When I was really young, I used to play a card game called “Pit” where you tried to corner the market on a particular commodity like oranges, sugar, soybeans, or corn. The game was based on the trading pits of the commodities exchanges and the goal is to get as many people as possible screaming for commodities trades. (Parker Brothers still offers the 98-year-old card game and you can get a copy from Amazon for $6.99.)
What does this have to do with memory? It looks to me as though SK Hynix is playing its own version of Pit with respect to non-volatile memory. The company just announced a partnership with IBM to commercialize phase-change memory (PCM, also called PCRAM). That announcement comes on the heels of a joint MRAM development agreement with Toshiba announced less than a year ago and an announcement in 2010 that SK Hynix and HP on joint work to commercialize memristor-based memory.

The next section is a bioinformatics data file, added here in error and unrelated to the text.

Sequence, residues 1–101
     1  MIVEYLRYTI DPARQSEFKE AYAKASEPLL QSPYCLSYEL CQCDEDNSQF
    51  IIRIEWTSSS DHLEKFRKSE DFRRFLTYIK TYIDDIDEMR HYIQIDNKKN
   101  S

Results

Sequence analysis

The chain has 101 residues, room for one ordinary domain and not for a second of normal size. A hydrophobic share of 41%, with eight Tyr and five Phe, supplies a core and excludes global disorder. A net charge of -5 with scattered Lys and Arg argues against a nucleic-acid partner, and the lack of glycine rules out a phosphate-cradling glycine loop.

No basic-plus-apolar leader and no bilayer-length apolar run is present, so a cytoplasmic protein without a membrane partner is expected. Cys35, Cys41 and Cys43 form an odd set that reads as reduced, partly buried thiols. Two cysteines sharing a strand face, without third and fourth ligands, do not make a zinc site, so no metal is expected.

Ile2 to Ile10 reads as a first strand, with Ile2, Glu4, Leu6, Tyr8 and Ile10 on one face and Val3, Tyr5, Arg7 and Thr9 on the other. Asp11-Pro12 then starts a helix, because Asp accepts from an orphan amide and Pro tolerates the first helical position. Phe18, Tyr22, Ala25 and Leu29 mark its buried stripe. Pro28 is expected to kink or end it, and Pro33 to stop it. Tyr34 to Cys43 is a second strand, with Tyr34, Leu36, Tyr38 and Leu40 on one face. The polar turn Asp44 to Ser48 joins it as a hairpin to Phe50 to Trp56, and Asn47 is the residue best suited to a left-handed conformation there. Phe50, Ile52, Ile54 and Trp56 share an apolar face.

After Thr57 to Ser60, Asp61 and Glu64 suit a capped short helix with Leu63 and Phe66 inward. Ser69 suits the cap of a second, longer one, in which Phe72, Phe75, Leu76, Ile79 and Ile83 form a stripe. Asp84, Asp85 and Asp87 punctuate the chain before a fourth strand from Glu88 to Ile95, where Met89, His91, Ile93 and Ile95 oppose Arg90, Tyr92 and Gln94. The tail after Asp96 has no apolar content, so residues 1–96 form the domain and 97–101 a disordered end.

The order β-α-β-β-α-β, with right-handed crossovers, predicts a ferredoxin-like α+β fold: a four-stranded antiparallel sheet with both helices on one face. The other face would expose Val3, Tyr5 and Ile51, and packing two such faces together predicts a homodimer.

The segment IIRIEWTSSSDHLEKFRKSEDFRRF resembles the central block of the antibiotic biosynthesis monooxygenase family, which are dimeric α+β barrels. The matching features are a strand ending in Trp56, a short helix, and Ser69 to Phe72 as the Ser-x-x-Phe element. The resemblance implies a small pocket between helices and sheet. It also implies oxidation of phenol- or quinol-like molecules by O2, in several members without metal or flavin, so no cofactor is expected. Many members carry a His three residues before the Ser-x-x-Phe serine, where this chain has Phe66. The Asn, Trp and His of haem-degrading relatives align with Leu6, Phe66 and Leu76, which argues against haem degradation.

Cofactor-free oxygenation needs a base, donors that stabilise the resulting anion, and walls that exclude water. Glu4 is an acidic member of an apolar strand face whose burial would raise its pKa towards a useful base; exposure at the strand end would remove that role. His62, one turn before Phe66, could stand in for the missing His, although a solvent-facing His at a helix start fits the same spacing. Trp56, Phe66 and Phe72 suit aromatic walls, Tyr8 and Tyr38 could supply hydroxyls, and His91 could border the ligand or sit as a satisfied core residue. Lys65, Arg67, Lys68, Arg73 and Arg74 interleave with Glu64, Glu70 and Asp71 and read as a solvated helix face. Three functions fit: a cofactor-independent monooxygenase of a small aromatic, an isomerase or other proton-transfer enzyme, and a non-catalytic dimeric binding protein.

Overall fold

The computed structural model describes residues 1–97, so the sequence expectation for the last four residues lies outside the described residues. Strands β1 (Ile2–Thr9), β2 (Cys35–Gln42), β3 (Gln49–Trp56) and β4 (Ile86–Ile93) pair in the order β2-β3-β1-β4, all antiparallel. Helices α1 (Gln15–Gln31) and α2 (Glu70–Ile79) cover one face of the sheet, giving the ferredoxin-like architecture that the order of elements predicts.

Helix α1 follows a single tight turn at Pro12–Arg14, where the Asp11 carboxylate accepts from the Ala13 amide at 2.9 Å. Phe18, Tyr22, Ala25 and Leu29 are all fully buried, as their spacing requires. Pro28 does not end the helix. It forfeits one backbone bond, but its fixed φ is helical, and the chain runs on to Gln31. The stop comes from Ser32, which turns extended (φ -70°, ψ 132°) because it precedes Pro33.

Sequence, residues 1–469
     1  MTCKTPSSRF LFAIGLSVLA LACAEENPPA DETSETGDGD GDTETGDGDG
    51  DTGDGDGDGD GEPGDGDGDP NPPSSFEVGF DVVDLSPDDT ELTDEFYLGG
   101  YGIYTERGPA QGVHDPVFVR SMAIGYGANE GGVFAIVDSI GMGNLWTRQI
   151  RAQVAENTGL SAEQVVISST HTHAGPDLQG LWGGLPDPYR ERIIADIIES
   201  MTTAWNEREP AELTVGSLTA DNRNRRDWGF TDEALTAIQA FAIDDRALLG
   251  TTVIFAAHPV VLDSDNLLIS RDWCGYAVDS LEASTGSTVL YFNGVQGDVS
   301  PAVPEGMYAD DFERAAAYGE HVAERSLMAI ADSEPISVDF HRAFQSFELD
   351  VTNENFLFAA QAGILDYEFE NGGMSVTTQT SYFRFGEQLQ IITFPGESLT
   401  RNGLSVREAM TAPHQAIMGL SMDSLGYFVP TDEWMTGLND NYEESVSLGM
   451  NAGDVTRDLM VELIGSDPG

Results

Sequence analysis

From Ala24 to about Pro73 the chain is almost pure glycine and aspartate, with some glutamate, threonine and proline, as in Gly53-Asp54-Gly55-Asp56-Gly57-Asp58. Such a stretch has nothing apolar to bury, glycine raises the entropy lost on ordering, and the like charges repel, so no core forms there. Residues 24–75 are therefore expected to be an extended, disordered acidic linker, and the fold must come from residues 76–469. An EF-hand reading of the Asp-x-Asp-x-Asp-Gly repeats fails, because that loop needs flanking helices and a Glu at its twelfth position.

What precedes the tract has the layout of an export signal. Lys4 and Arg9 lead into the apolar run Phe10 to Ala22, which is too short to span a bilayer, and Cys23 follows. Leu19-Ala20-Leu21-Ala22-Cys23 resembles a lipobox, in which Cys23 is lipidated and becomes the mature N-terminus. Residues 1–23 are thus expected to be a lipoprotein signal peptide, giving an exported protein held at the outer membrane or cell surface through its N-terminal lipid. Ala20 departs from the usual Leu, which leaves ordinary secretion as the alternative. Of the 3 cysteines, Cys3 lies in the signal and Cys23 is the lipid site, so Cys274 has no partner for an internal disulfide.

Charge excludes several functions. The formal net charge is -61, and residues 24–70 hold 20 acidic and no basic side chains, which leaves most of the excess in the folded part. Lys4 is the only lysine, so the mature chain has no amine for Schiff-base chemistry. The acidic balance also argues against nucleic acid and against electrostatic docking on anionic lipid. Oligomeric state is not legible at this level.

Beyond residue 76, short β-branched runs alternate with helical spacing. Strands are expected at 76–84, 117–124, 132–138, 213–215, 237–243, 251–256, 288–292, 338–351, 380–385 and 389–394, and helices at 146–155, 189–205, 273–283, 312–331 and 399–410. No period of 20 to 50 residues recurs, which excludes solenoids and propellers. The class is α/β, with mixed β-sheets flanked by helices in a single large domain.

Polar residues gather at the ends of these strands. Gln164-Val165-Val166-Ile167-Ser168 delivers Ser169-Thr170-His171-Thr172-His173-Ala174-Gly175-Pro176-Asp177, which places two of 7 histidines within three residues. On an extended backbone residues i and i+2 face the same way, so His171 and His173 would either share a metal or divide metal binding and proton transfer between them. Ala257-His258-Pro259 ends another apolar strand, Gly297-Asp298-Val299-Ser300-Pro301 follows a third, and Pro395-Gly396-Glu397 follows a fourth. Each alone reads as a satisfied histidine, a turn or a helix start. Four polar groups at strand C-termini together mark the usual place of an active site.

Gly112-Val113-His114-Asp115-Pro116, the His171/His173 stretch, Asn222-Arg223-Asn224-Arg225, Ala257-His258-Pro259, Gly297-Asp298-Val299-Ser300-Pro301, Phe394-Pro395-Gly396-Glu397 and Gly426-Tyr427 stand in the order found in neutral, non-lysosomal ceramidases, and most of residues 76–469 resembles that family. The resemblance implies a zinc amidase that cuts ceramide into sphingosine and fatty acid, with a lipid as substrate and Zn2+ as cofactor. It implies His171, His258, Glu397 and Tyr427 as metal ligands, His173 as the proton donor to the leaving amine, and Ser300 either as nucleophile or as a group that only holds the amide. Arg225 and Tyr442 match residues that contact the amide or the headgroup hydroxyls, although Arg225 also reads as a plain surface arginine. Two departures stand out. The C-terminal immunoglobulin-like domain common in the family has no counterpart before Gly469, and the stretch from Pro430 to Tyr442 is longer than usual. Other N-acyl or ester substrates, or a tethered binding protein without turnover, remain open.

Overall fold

According to most market-share analysis reports on the Web (including this one from weSRCH), SK Hynix is the number four vendor of Flash memory in the world after Samsung, Toshiba, and Micron. It looks like SK Hynix is determined to become the leader in the successor to NAND Flash memory, no matter what that technology will be.